I Don’t Mean to Boast…

April 17, 2012

Okay, I’m lying. I do mean to.

I don’t brag on my son much, because I know no one besides family really cares that much or wants to hear it. Plus there’s this parent paranoia that manifests whenever someone else talks about their kids. It’s like any deviation is a personal attack on how they are raising their own kids. I know I feel that way anyway… is it just me?

Well, if you tend to feel that way, skip this post (or brag on your own kid in the comments… I don’t mind).

I am just in awe of how much my son is responding to homeschooling. We went to the library today and we picked 13 books. About half of them 2nd & 3rd grade level chapter books, the other half various non-fiction books that caught his eye. He read a book on voting in the car on the way home and is right now reading 13 Buildings Children Should Know.

This is a benefit to homeschooling that I hadn’t anticipated, but I really appreciate. Nathan isn’t leaning that non-fiction books are boring like textbooks always were to me. I don’t even bother with textbooks. We have a couple reference books that we loosely follow when we need some direction, but then we go to the library for more information that is age appropriate. Nathan can pick whatever interests him from a variety of choices. He is way more likely to read something that he helped choose, and I can’t help but think he is more likely to remember ideas he is interested in rather than concepts being forced on him.

So here’s my big brag just to get it all out there:

In the last month or so Nathan has read almost 20 chapter books of at least 75 pages. (He also reads his 400 page children’s Bible from cover to cover about every other week.) He is over 90% finished with 2nd grade math and he keeps sneaking in “levels” from 3rd grade math because he is interested in the new topics. He often reads from our science encyclopedias to his brothers and they ask to try out the experiments. Also, because he is home with me all day, he helps with laundry, dishes, vacuuming, and general clean-up. His hobbies include programming using Scratch, keeping a blog, and writing comic books.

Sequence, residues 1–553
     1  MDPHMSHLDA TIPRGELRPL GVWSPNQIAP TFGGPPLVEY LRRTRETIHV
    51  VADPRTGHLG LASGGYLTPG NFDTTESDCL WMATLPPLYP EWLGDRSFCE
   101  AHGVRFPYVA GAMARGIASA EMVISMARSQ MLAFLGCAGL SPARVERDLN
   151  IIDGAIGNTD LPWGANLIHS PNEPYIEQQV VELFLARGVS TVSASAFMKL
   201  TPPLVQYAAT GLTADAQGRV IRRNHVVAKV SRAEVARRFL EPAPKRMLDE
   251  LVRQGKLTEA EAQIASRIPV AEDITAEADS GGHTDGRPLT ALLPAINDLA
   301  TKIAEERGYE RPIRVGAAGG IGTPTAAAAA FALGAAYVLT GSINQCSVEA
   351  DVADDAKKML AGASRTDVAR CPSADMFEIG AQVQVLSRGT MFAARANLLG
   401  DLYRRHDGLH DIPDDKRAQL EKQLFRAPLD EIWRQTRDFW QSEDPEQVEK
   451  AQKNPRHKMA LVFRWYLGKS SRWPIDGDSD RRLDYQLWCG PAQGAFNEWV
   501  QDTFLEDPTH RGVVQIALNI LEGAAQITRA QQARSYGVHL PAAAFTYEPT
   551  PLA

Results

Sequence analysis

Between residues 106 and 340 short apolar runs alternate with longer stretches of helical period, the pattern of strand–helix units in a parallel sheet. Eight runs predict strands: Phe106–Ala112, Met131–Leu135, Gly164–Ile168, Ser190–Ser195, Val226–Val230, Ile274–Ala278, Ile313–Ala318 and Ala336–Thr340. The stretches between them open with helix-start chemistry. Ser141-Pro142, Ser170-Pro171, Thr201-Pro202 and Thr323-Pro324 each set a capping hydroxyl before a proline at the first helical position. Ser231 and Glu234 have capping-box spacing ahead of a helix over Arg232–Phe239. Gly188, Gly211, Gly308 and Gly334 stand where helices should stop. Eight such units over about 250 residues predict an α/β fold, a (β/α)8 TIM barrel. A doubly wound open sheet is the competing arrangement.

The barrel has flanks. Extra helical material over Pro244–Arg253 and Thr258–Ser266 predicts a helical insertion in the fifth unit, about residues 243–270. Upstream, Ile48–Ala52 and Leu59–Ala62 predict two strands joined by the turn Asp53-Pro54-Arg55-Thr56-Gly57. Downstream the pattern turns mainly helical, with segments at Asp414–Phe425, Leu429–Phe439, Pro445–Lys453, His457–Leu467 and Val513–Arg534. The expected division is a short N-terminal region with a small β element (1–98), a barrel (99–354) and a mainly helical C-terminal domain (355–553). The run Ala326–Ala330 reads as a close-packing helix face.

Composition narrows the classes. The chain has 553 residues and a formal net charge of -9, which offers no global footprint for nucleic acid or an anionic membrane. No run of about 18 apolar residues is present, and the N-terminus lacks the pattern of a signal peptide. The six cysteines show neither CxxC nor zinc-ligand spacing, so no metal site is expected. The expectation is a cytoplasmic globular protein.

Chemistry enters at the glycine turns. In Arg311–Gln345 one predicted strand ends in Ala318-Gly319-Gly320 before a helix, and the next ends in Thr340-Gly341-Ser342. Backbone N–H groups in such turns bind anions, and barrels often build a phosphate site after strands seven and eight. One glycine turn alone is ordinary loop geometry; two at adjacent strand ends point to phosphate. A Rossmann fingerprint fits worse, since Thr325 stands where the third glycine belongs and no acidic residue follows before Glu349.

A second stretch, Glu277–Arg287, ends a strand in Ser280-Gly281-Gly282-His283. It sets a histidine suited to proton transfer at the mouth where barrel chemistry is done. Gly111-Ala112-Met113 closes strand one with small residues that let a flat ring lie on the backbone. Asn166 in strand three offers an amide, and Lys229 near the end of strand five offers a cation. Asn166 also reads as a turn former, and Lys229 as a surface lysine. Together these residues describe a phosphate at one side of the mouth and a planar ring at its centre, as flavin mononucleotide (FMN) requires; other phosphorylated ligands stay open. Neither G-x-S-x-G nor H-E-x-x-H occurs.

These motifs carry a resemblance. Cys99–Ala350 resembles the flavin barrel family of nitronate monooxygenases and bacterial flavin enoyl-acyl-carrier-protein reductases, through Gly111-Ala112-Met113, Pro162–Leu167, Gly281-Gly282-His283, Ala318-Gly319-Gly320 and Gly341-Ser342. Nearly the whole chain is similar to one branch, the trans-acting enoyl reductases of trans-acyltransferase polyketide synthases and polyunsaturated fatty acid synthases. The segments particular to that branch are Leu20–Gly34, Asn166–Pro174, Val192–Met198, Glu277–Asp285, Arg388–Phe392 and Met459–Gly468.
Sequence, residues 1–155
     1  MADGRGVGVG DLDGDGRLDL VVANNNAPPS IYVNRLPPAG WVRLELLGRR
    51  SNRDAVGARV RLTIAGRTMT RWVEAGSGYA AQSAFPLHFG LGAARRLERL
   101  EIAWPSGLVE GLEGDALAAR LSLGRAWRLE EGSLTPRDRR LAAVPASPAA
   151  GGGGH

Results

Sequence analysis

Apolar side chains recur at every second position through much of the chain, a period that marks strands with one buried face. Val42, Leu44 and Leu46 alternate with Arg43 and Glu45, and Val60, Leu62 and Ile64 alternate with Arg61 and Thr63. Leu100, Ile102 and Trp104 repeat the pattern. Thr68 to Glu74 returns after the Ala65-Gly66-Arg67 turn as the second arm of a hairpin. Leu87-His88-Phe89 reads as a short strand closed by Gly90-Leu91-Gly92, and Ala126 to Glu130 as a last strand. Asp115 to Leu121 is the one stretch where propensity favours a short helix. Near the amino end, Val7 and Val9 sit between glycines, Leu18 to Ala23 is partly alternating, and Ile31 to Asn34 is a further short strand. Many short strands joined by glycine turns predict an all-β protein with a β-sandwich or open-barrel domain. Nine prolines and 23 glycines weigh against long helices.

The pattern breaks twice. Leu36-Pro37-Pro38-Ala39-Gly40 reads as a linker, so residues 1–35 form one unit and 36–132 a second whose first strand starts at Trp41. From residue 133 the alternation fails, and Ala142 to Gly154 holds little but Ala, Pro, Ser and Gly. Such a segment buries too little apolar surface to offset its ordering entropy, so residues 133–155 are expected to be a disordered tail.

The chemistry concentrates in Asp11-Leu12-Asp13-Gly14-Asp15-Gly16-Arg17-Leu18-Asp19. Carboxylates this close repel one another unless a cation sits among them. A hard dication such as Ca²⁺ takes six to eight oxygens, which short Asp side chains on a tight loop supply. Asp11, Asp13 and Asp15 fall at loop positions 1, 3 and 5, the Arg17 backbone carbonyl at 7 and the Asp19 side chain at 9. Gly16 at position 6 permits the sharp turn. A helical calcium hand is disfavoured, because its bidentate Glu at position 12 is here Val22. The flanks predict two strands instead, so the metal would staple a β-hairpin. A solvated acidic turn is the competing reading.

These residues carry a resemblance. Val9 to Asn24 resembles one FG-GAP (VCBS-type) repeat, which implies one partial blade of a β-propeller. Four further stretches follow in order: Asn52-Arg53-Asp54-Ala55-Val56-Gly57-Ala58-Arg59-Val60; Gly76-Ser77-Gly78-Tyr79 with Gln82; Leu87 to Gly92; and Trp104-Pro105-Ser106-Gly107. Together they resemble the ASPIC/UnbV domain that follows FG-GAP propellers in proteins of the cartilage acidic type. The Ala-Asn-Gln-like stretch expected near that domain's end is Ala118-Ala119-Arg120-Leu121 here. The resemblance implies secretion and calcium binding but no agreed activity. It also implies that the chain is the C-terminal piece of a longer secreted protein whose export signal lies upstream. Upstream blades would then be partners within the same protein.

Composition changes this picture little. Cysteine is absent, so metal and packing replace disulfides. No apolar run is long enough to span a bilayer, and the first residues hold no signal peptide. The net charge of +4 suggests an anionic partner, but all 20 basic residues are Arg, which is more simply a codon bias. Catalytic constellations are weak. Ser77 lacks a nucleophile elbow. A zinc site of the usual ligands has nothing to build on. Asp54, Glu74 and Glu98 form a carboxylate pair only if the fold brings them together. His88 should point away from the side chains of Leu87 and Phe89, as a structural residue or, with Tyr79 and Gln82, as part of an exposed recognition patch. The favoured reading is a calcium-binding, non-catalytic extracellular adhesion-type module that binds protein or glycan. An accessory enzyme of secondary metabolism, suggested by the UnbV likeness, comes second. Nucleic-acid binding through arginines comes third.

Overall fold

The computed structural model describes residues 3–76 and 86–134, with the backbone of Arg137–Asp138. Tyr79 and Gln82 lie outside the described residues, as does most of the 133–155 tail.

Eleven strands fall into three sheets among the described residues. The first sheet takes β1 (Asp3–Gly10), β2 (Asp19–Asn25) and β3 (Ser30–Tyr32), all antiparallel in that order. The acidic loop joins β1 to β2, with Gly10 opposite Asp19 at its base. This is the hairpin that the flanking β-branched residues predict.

If it’s a nice day, he runs outside and jumps on his bike. He is allowed a break to run around and work off some energy between every task. He is healthy and fit and never has to eat crappy school lunches. He “sneaks” carrots and apples from the fridge before heading back to his lessons. Some days he dawdles over his schoolwork until 3 or 4. Most days he is done by noon and can spend the afternoon engaged in tinkering or imaginative play.

I found this comment from an article about the importance of play very telling:

As a public school teacher of 18 years I have been dismayed at the reduction of recess time and by the pushing down of inappropriate curriculum into kindergarten and 1st grade. In a 6 hour full-time kindergarten day, they get a total of 40 minutes of unstructured play. Gone are most the kindergarten “house” corners where kids “pretended”. You won’t find a block corner in many classrooms either. I believe strongly in public education…but couldn’t bare to put my daughter in that setting. She is now in a Waldorf school, where play in nurtured, and childhood is protected.

I haven’t thought about that in years, but she’s right. We did have a play house when I went to Kindergarten. At my local school, every minute of the day is structured for Kindergartners. This is not actually good for kids. Parents demand it, however, because they are under the misguided impression that education is in decline because kids aren’t being taught enough, soon enough.

I am here to say, please look at my son! Kids don’t need to be taught hardly at all! They just need to be exposed to wonderful resources. They want to learn. Nathan loves to learn and I hardly teach him a thing. He reads and we talk. It’s beautiful. I often overhear him sharing what he’s learned with his little brothers. This thing I have stumbled onto is amazing and I just wish we could take this little microcosm of learning that is my household and transport into the classrooms.

Okay mom brag over. I will probably post updates on his progress again though. I do believe this style of education could be a vast improvement for so many children. I would love to somehow be a part of the discussion for school reform to integrate what is being learned by me and over a million like me who perform this homeschooling experiment. I don’t think Nathan is gifted or particularly exceptional; he is just being given better tools. I want to shout our success from the rooftops without calling down judgement on parents who choose public schooling. Is that possible? How can I get these results out of my living room and into the classrooms for all children to enjoy?

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